More than likely, your program is trying to take a log of 0 (including lgamma of 0), or creating infinity. For instance, with alpha=0 (starting value), m=1/alpha will cause big problems (infinity). Also, there are log or lgamma functions that involve alpha (which will also blow up with 0 for alpha). I took your data and added a few more dummy data points. The program ran when I used 1 for the starting value of alpha. But this is still dangerous, because parameter estimates can migrate to 'impossible' regions during the optimization. You should look into putting bounds on the parameters. Check out the syntax of the bounds statement.
(I did not really look at the rest of the code to see if the customized ll is correct).
The hurdle log-likelihood function does appear sound. As lvm has indicated, computing 1/alpha for alpha initialized to 0 is a problem.
Personally, I prefer not to use bounds statements to control acceptable values for the parameters. Derivatives are usually not defined when parameter estimates are fixed at boundary values. Sometimes, the function itself is not defined when a parameter takes on the boundary value. (Such is the case for the NB distribution when you specify alpha=0. Even though the NB is a Poisson when alpha=0, it is not possible to compute the Poisson density using a negative binomial density function.)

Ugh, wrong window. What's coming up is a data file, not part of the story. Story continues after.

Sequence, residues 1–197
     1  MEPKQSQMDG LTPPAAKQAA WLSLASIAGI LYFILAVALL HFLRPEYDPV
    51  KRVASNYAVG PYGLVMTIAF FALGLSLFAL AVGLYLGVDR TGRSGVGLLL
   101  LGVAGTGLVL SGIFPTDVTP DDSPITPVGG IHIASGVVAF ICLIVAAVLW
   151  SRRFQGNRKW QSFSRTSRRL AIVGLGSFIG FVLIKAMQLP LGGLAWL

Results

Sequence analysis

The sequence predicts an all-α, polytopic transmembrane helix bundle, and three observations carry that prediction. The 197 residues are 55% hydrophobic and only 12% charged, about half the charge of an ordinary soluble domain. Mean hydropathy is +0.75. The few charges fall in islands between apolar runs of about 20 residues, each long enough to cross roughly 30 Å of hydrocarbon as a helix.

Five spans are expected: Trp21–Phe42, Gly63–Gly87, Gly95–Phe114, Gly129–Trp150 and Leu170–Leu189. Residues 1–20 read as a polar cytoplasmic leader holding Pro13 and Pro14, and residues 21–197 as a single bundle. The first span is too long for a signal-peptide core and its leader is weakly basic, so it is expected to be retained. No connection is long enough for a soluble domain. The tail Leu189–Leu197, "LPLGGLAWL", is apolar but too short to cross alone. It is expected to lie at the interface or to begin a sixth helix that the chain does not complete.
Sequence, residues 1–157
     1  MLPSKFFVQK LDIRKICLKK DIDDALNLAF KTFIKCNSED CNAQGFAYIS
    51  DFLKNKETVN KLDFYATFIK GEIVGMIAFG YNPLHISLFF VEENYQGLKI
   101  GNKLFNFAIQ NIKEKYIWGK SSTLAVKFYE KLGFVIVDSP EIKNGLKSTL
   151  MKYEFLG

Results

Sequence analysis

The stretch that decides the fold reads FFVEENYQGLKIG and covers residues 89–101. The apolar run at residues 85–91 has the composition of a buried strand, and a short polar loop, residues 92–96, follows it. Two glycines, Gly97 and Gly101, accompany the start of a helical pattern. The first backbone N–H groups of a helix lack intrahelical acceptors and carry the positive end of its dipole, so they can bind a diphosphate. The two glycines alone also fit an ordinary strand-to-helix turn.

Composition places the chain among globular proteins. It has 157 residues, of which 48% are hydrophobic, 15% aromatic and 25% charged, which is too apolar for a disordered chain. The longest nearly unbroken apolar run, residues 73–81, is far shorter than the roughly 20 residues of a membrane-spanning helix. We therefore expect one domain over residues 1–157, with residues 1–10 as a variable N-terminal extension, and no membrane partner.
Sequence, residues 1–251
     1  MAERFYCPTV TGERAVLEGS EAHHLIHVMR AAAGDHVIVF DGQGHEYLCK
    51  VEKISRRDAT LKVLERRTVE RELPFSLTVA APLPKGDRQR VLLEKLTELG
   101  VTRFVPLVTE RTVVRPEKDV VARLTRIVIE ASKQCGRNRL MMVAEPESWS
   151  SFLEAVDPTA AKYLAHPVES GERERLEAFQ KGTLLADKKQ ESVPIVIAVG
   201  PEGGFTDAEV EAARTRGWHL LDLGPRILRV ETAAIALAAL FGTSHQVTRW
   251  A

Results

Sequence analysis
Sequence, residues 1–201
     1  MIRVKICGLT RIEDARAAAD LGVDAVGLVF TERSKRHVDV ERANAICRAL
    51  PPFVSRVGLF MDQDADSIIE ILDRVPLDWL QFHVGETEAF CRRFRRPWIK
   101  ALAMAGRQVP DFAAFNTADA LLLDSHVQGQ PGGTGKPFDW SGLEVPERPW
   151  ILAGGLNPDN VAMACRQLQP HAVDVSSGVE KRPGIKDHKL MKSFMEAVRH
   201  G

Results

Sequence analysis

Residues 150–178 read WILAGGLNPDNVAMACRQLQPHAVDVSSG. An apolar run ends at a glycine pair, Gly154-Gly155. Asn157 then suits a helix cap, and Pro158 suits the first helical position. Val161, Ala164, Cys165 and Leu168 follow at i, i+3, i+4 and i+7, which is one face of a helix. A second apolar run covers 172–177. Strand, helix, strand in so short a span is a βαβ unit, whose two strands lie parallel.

Instead of using boundary constraints, consider parameterizing the model so that the parameter estimates are always in an acceptable range. For instance, in the NB distribution, the parameter alpha must always be positive. If you name log_alpha as a parameter and then compute alpha=exp(log_alpha), then alpha>0 for -infinity
Dale makes a good point: it is best to avoid using parameter bounds, when possible. For your model, it should be possible to avoid explicit bounds, using the recommendations from Dale. With some nonlinear models, it can be challenging to do the optimization without using bounds, but always a good goal.
So the standard errors for the hurdle part of the model are huge! I can play around with the starting value of log_alpha and get them somewhat better but they are still huge. I also tried changing the hurdle model. Right now it is log((exp(zeromodel)) /(1+(exp(zeromodel))). Based on the SAS for mixed models by Littell et al's hurdle poisson I changed it to -exp(zeromodel) but that did not change the outcome.